Though in reading that statement, it is worth noting — as the Writes Guild has many times — that the demands put forth by these unions represent a fraction of a percentage of studios’ annual revenue. IndieWire looked at the writers’ demands specifically and found that “as a percentage of total revenue, that added cost is a fraction of a percent. In Netflix’s case, it’s .214 percent (2022 revenue: $31.6 billion) and at Disney it’s .091 percent (2022 revenue: $82.7 billion).”
Conversely, just this week a studio executive told Deadline that as it related to the writers strike, “The endgame is to allow things to drag on until union members start losing their apartments and losing their houses.wp_postsA different insider in the same article called this breathtaking approach “a cruel but necessary evil.wp_posts(A spokesperson the AMPTP told Deadline, “these anonymous people are not speaking on behalf of the AMPTP or member companies.”)
To give a concrete example of the stakes here — the Screen Actors Guild, in part, is seeking increased base compensation for performers, which has declined as streaming-first studios (such as Netflix, Amazon) have taken advantage of previous contracts to pivot away from paying out residuals to talent.
Residuals are what actors — though writers are also striking over this issue as well — are paid when you or I watch reruns of their work. Just this week, a piece in the New Yorker honoring the 10-year anniversary of Orange Is the New Black, a show largely credited for ushering Netflix into its heyday as a television studio, noted that cast members of its largely woman and queer ensemble were being paid cents (as in, less than a dollar) per episode in residuals.
Kimiko Glenn, best known to all of us as Poussey’s girlfriend Brook Soso on the series, noted on her TikTok in 2020 that per episode she was receiving pennies of income from residuals (we’re talking two cents, four cents per episode), with a grand total coming to $27.30 for her years of work. This May she reposted the video on her Instagram when the writers went on strike — with many of her OITNB commiserating similar stories in the comments.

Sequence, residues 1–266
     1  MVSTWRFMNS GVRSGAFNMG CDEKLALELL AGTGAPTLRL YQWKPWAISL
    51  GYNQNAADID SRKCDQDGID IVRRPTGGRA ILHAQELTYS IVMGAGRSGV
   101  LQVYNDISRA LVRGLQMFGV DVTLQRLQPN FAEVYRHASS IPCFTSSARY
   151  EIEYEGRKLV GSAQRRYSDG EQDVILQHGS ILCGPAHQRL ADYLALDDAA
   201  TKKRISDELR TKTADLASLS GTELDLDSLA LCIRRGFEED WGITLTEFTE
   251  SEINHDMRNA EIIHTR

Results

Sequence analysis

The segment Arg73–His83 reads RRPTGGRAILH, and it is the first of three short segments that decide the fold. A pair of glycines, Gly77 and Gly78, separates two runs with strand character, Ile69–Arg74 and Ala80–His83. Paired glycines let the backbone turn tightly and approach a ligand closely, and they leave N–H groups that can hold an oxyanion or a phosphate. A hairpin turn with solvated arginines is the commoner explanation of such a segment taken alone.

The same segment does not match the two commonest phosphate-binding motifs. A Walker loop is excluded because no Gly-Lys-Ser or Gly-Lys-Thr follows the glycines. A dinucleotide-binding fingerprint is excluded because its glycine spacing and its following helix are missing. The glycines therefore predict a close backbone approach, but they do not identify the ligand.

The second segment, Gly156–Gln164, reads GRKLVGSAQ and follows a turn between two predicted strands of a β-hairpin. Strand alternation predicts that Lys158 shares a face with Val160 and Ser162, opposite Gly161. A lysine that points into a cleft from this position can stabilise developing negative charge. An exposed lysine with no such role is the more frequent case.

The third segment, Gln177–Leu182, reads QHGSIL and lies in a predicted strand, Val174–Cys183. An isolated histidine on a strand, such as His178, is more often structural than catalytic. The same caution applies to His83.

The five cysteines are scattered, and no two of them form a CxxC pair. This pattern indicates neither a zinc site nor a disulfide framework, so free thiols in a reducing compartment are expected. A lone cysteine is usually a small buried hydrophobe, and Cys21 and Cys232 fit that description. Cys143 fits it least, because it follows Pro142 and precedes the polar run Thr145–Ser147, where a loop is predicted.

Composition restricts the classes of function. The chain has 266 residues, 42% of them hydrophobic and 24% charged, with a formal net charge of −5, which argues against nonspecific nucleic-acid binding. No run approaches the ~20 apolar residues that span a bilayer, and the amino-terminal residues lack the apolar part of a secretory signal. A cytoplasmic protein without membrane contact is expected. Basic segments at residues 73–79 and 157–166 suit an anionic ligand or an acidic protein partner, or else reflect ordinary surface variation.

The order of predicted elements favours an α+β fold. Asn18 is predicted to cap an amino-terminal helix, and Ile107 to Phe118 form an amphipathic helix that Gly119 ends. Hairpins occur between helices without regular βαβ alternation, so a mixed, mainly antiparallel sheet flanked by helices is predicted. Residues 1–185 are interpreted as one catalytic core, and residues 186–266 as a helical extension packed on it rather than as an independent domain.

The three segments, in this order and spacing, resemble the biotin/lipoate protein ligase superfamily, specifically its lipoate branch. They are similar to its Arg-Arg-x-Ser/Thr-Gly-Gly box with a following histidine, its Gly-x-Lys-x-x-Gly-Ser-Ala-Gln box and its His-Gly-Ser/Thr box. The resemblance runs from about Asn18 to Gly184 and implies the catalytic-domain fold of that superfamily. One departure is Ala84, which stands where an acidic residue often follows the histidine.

Emma Myles, the queer actor who played Leanne on the show (you’ll remember Leanne as formerly Amish person who struggled with overcoming drug addictions), noted that the disparity comes directly from streaming, as opposed to cable or broadcast television. According to the New Yorker, “Myles still gets around six hundred dollars a year for a handful of guest spots on ‘Law & Order: Special Victims Unit,’ stretching back to 2004, but her residuals this year for ‘Orange’ [Autostraddle Note: a show for which she had a much larger role] have come to around twenty bucks.”
Streaming studios are notoriously reticent to share the numbers of exactly how many people watch their programing, but from the New Yorker’s reporting, Netflix executive Ted Sarandos once let it be known that more people watched OITNB at its peak than watched Game of Thrones. Yet, the cast and writers of that show are still not paid their due worth accordingly. And this is only one example.
I know that in covering these reports a big question that comes up for us as queer audiences who love television and film is: How can we help? As of right now, there is still no call from union leadership to engage in an active boycott from consumers — so the best way to help is to vocally show support and spread an understanding of not just that there are strikes occurring, but why. We are in this for the long haul, together, and the only way out is going to be together as well.
This post has been updated as new information is made available.